Needless to say, the big landowners in the country especially the owners of sprawling haciendas and corporate farms are literally up in arms over Secretary Mariano’s unflinching support for the right of the tillers of the land – tenants and farm workers – to own their own plots of land.  Recent attempts of DAR to install agrarian reform beneficiaries in land awarded but forcibly taken from them have met with armed resistance from private security guards and hired goons. In some instances, the police have averred that they cannot help DAR enforce its orders because they are outnumbered and outfirepowered by private security forces.
DENR Secretary Lopez’ decision last February to close 23 mines and suspend five others for breaching environmental standards together with the cancellation of 75 contracts for mining projects located in watersheds constituted a declaration of war against large-scale corporate mining in the country.  For this the country’s mining firms banded together to not only oppose her confirmation, but to file corruption charges against her before the Ombudsman.
Too bad Lopez’ anti-mining stance is popular among a public reminded of the horrendous toll on the environment and affected communities from mining accidents and the over-all destructive effects of large-scale mining operations. Moreover her boss, President Duterte, has continued to back her.
For its part, the NDFP recently stated that it views “in very positive terms the presence of (the three) in the Duterte cabinet”.  Fidel Agcaoili, NDFP Panel chair said, “Ka Paeng will play an important role in implementing a program of free land distribution for poor peasants. Ka Judy will likewise play an important role in implementing expanded social services for the people. Gina Lopez meanwhile has expressed willingness to work with the revolutionary forces in protecting the environment against destructive mining operations. They will no doubt be helpful in implementing a Comprehensive Agreement on Socio-Economic Reforms (CASER) that may be agreed upon by the GRP and NDFP.”
The stakes are truly high in the confirmation hearing of the three officials on Wednesday. Will the people’s clamor for meaningful reforms be dealt another serious blow by reactionary interests through their front men in the Commission on Appointments? #
Published in Business World
1 May 2017

NDFP endorses Mariano, Taguiwalo and Lopez confirmation

THE National Democratic Front of the Philippines (NDFP) endorsed the confirmation of three Rodrigo Duterte cabinet secretaries a few days before their final Commission on Appointments (CA) hearing by Congress.

In a statement, NDFP chief negotiator Fidel Agcaoili said they look forward to continue working with the three officials in the framework of peace negotiations and achieving meaningful reforms to benefit the Filipino people.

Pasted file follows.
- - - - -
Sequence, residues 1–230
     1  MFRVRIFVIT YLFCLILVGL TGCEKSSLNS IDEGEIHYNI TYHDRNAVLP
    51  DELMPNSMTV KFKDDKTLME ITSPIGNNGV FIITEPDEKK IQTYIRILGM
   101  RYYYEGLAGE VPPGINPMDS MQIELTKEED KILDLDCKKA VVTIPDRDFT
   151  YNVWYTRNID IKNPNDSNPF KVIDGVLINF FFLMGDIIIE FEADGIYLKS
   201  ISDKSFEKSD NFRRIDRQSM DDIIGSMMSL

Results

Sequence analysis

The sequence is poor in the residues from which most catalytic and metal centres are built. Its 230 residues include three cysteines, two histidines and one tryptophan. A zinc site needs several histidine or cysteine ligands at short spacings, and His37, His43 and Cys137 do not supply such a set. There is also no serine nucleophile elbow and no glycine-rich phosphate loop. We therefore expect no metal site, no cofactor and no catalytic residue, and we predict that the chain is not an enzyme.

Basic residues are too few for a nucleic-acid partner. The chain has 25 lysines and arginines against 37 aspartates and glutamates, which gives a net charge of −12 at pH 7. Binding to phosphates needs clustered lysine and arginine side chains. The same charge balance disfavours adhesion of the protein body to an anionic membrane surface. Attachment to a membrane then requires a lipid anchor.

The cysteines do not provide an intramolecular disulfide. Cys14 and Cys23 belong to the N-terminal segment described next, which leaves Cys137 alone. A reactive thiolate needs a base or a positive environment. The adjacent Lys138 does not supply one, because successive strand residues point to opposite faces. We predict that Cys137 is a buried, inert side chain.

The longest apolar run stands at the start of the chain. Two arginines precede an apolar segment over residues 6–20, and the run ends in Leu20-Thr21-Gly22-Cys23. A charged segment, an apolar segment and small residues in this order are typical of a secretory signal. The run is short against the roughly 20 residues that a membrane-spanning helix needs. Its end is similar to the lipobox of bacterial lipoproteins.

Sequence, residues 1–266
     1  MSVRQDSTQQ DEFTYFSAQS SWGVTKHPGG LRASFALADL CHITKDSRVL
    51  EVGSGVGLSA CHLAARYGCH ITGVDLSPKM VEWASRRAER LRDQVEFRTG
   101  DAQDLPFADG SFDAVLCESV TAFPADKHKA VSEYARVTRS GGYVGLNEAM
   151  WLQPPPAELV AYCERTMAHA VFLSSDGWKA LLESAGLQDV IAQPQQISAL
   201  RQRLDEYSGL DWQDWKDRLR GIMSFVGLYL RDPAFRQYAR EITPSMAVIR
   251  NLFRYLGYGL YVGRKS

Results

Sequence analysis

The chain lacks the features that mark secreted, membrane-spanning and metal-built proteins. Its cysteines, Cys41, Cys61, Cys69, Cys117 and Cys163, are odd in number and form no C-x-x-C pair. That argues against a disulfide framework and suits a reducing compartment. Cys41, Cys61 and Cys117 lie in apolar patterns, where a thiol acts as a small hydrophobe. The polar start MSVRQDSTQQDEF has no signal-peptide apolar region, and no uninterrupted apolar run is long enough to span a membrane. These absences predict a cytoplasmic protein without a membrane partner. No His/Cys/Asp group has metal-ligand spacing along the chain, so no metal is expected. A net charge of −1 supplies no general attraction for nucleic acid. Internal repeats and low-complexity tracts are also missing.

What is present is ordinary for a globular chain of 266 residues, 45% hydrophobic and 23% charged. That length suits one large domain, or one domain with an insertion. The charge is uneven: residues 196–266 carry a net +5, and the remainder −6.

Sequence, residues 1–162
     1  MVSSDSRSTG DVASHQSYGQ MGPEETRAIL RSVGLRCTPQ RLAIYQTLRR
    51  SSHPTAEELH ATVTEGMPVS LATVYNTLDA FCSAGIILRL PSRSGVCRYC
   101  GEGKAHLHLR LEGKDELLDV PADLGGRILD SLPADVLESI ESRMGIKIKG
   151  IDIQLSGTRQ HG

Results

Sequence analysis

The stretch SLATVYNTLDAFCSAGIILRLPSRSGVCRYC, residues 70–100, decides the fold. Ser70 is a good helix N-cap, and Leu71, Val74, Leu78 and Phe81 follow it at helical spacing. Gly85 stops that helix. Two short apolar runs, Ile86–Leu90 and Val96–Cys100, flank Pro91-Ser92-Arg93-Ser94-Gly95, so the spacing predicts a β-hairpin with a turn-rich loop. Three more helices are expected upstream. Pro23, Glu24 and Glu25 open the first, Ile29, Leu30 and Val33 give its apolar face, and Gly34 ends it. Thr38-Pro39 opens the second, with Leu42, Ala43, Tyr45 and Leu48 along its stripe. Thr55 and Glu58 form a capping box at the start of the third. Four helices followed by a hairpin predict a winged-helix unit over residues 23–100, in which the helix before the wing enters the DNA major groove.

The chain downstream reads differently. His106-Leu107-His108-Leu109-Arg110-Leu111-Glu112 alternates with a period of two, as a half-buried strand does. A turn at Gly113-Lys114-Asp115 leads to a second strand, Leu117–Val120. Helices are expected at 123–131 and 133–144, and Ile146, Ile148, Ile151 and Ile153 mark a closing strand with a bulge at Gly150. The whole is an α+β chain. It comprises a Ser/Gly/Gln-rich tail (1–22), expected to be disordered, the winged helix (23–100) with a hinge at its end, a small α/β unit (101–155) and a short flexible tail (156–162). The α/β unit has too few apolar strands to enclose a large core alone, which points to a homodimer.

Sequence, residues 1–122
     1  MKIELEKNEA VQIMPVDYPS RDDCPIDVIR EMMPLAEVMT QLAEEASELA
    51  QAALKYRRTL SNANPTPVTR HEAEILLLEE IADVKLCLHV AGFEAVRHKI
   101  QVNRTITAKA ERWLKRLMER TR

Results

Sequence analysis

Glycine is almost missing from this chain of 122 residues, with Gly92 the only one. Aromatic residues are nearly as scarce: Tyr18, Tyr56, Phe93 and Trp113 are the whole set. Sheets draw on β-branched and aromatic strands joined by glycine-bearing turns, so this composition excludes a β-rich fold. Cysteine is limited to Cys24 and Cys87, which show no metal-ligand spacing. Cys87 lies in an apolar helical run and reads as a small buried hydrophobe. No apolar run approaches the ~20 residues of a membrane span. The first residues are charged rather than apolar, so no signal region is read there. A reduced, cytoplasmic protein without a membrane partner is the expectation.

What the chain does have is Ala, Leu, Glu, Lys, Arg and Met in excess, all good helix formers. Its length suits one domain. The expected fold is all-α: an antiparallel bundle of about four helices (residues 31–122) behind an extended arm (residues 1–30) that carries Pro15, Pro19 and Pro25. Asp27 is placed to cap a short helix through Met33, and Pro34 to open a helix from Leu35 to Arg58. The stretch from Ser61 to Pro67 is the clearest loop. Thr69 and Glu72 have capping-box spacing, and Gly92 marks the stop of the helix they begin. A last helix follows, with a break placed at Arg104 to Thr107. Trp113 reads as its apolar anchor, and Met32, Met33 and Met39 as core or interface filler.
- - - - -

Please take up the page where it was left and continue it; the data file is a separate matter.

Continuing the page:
“The (NDFP) Negotiating Panel views in very positive terms the presence of DAR (Department of Agrarian Reform) Secretary Rafael “Ka Paeng” Mariano, DSWD (Department of Social Welfare and Development) Secretary Judy Taguiwalo and DENR (Department of Environment and Natural Resources) Secretary Gina Lopez in the Duterte cabinet,” Agcaoili said.

“Their inclusion bodes well for the entire peace process as they would be in a position to help push much-needed socio-economic reforms,” he added.

Mariano and Taguiwalo were NDFP nominees to the Duterte cabinet.

Mariano, Taguiwalo and Lopez have all been previously bypassed by the CA and will get their final chance at confirmation at the Senate on May 3, Wednesday.

The NDFP said Mariano and Taguiwalo will play an important role in implementing a program of free land distribution for poor peasants and in implementing expanded social services for the people, respectively.

Lopez on the other hand has earned the underground group’s admiration for her strong stance against destructive mining.

She also recently expressed willingness to work with the New People’s Army in protecting the environment, generating eco-friendly livelihood in mining affected areas and attending the formal peace negotiations between the NDFP and the Government of the Republic of the Philippines (GRP).

“They will no doubt be helpful in implementing a Comprehensive Agreement on Socio-Economic Reforms (CASER) that may be agreed upon by the GRP and NDFP,” Agcaoili said of the three.

The NDFP likewise warned the officials’ removal from office “by reactionary interests” will run counter to the people’s long-standing desire for reforms in government.

Meanwhile, activist groups launched a social media campaign since yesterday calling for a rally at the Senate on May 3 in support of the three secretaries.

“There is an urgent need to show broad support for the progressives in the Duterte cabinet and thwart plans by the CA to confirm only those who wish to uphold “business as usual” politics. It is not every day that we have cabinet officials who truly work for the interests of the people and defy well-entrenched elite interests,” the online appeal said.

“Let us amplify the call to confirm Judy, Ka Paeng and Gina. Join us also in the mobilization and gallery trooping on May 3, 9am at the Senate,” it added. # (Raymund B. Villanueva)